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Sweet Sorghum Ethanol: In-Field Fermentation Issues Dani Bellmer 1, Ray Huhnke 2 1 Assoc. Professor, Biosystems Engineering & Food and Agricultural Products.

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Presentation on theme: "Sweet Sorghum Ethanol: In-Field Fermentation Issues Dani Bellmer 1, Ray Huhnke 2 1 Assoc. Professor, Biosystems Engineering & Food and Agricultural Products."— Presentation transcript:

1 Sweet Sorghum Ethanol: In-Field Fermentation Issues Dani Bellmer 1, Ray Huhnke 2 1 Assoc. Professor, Biosystems Engineering & Food and Agricultural Products Center 2 Professor, Biosystems Engineering Oklahoma State University

2 In the US, we currently import over 60% of our petroleum needs

3 Current U.S. Ethanol Production Facilities 117 operational, 57 under construction

4 Sweet Sorghum Has Great Potential as an Energy Crop  Can be grown in temperate climates  “More Crop Per Drop” - Low irrigation needs (1/2 corn and 1/3 sugarcane)  Drought tolerant  12-21% directly fermentable sugar (i.e. no starch to convert)

5 Traditional Sugar Processing Sugarcane Central FacilityOn-Farm Pres s Juice Bagasse Fermentation Distillation & Dehydration Heat Energy

6 In-Field Production of Ethanol from Sweet Sorghum Harvesting, pressing, & fermenting the juice in the field…

7 Potential In-Field Processing Sorghum Pres s Juice Bagasse Fermentation Dewatering/ Distillation Dehydration Central FacilityOn-Farm Field Residue Silage Heat Energy

8

9 Potential In-Field Storage Bladders

10 Possible System Scenario in OK  Begin planting ~ mid April  Stagger plantings April- June  Harvest July – mid-November (4.5 month harvest window)  Producers owns 1 week juice storage capacity + partial dewatering system  Final dehydration conducted at central site

11 Evaluate Sweet Sorghum Ethanol Potential in Oklahoma Goals: Evaluate In-Field Fermentation Issues Determine Factors Affecting Juice Extraction Efficiency Evaluate Potential for Expanded Harvest Window

12 Fermentation

13 Theoretical Ethanol Production Stoichiometry of sugar fermentation: C 6 H 12 O 6  2C 2 H 5 OH + 2CO 2 Theoretical Conversion: 0.51 g etoh/ g sugar

14 In-Field Fermentation

15 Ethanol Production Results

16 Ethanol Production at Different Harvest Times (1 month apart)

17 Effect of Inoculation Time on Ethanol Production

18 Effect of Leaf Stripping on Ethanol Production

19 Effect of Storage Fermentation samples after 5 months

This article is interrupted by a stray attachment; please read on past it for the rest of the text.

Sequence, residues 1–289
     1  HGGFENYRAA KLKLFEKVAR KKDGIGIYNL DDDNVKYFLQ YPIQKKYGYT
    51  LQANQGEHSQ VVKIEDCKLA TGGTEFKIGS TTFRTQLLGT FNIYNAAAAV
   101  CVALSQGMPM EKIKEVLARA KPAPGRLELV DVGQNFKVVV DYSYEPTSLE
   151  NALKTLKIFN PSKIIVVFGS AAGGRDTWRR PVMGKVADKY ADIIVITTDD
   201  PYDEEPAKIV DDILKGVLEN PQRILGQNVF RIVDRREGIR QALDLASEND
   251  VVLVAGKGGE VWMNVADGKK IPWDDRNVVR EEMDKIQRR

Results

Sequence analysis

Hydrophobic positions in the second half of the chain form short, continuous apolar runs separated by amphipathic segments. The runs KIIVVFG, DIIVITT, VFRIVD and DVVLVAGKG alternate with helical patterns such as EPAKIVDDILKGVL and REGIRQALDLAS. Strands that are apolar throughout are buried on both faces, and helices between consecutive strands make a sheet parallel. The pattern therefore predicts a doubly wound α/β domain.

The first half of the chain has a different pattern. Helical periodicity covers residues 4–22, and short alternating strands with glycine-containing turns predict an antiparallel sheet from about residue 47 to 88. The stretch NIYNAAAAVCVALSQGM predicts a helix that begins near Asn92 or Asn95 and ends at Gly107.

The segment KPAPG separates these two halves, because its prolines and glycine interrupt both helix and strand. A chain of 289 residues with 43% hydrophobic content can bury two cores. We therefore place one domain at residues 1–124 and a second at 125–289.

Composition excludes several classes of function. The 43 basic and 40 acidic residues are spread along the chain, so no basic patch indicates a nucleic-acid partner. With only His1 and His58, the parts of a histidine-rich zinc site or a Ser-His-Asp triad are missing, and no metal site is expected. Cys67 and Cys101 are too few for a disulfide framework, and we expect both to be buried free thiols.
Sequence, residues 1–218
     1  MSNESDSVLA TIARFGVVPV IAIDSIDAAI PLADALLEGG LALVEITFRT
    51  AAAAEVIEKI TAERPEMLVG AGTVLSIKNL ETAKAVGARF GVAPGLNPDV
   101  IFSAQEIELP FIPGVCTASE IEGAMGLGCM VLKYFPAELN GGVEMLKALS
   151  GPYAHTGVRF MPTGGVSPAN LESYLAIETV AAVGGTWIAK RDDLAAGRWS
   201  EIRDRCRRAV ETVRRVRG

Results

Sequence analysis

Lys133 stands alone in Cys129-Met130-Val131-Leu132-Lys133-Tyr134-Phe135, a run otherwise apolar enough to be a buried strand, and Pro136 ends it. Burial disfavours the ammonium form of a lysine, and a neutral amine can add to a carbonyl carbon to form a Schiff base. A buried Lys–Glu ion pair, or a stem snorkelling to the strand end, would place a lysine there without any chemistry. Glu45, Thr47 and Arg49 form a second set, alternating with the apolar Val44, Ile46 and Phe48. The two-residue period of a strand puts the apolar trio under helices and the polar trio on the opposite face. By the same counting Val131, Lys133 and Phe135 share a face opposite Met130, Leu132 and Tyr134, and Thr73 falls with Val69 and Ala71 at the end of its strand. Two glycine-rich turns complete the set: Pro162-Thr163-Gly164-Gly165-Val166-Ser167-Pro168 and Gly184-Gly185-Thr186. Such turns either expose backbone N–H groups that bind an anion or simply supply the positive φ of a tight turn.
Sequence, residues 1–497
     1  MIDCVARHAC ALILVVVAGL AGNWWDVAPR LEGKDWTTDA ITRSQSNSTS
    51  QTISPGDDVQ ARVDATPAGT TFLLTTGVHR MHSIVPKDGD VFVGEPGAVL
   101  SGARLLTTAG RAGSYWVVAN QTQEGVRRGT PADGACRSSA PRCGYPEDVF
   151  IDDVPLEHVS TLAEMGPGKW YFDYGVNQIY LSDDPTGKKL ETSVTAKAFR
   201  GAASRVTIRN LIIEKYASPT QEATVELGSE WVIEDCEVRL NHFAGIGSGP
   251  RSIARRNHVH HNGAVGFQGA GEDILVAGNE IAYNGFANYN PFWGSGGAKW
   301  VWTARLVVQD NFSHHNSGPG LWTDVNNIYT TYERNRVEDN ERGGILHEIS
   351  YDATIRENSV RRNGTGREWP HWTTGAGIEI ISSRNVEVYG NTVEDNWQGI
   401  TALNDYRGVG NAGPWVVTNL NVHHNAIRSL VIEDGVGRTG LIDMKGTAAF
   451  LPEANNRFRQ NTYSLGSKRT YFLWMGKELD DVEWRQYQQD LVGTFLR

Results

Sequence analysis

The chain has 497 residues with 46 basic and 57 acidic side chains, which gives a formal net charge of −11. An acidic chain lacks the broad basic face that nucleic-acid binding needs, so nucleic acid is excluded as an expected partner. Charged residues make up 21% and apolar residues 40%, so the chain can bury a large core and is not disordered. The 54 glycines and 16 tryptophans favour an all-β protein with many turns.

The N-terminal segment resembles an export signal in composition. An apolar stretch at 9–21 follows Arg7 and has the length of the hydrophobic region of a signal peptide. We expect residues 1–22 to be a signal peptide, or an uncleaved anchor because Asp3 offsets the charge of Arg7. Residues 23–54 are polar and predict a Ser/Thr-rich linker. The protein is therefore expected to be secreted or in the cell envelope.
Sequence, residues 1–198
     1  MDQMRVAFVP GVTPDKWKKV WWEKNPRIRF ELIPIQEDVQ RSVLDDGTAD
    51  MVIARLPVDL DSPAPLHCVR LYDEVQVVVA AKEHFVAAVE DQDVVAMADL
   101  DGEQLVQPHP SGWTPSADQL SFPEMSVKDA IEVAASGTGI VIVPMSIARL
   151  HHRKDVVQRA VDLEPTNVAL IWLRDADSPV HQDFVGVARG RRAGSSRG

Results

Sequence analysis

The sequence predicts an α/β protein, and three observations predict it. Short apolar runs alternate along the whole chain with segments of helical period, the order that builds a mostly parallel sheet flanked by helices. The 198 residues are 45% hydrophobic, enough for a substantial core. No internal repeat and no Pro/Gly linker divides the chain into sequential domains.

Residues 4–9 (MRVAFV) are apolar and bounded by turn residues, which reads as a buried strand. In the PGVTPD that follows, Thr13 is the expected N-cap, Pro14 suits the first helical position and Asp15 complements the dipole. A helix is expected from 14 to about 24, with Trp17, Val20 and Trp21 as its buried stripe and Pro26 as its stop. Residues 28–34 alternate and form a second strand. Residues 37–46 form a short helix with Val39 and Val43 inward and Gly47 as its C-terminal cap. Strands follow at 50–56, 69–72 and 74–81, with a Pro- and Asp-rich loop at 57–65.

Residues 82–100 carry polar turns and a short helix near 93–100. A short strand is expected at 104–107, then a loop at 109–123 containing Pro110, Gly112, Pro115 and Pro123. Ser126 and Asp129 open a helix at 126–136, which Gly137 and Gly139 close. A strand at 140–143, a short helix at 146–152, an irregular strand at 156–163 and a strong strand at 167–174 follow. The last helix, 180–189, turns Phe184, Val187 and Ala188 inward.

20

21 Juice Extraction Efficiency  Compare roller press and screw press  Evaluate juice yield as affected by time of harvest  Effect of stalk diameter on juice expression

22 Small Scale Roller Press

23 Screw Press

24 Finely Chopped Bagasse Out of Screw Press

25 Screw Press vs Roller Press Juice Expression Ratio (g juice/g biomass)  Roller Press:  Screw Press:

26 Whole Stalks in Screw Press: Effect of Pressure

27 Effect of Harvest Time on Juice Expression (Roller Press)

28 Effect of Stalk Diameter on Juice Expression Large ~ 3 cm Small ~ 1.5 cm

29 Additional Ongoing Research  Determine level of sterilization needed between fermentation cycling in storage bladders  Develop on-farm partial dewatering process  Evaluate staggered plantings to determine effect of extended harvest window

30 Three Different Planting Dates

31 Potential Ethanol Yield (gallons/acre) * Assumes 0.55 juice expression ratio and 90% conversion efficiency

32 Trade-Offs Between Processing Scenarios Central FacilityOn-Farm -Lower Transportation Costs -Lower Capital Costs -More Feasible in Reduced Harvest Window Scenarios -Value to Rural Economies -Higher Juice Extraction Efficiency -Higher Conversion Efficiency -Economies of Scale

33 Critical Process Questions Remaining  Best technology for in-field, single pass pressing  Determination of extent of dewatering to be completed on-farm, and best technology  Sterilization Requirements

34 The Future is Sweet…

35 Acknowledgements  OSU Collaborators: Ray Huhnke, Dimple Kundiyana, Chad Godsey, Bill Raun, Rodney Holcomb, students  Lee McClune, LeeMax Energy, Knoxville, IA  Kerr Center for Sustainable Agriculture, Poteau, OK  OK Field Research Station Superintendents  Oklahoma Food and Agricultural Products Center, Stillwater, OK

36 Sugar Content Monitoring 115 Days After Planting


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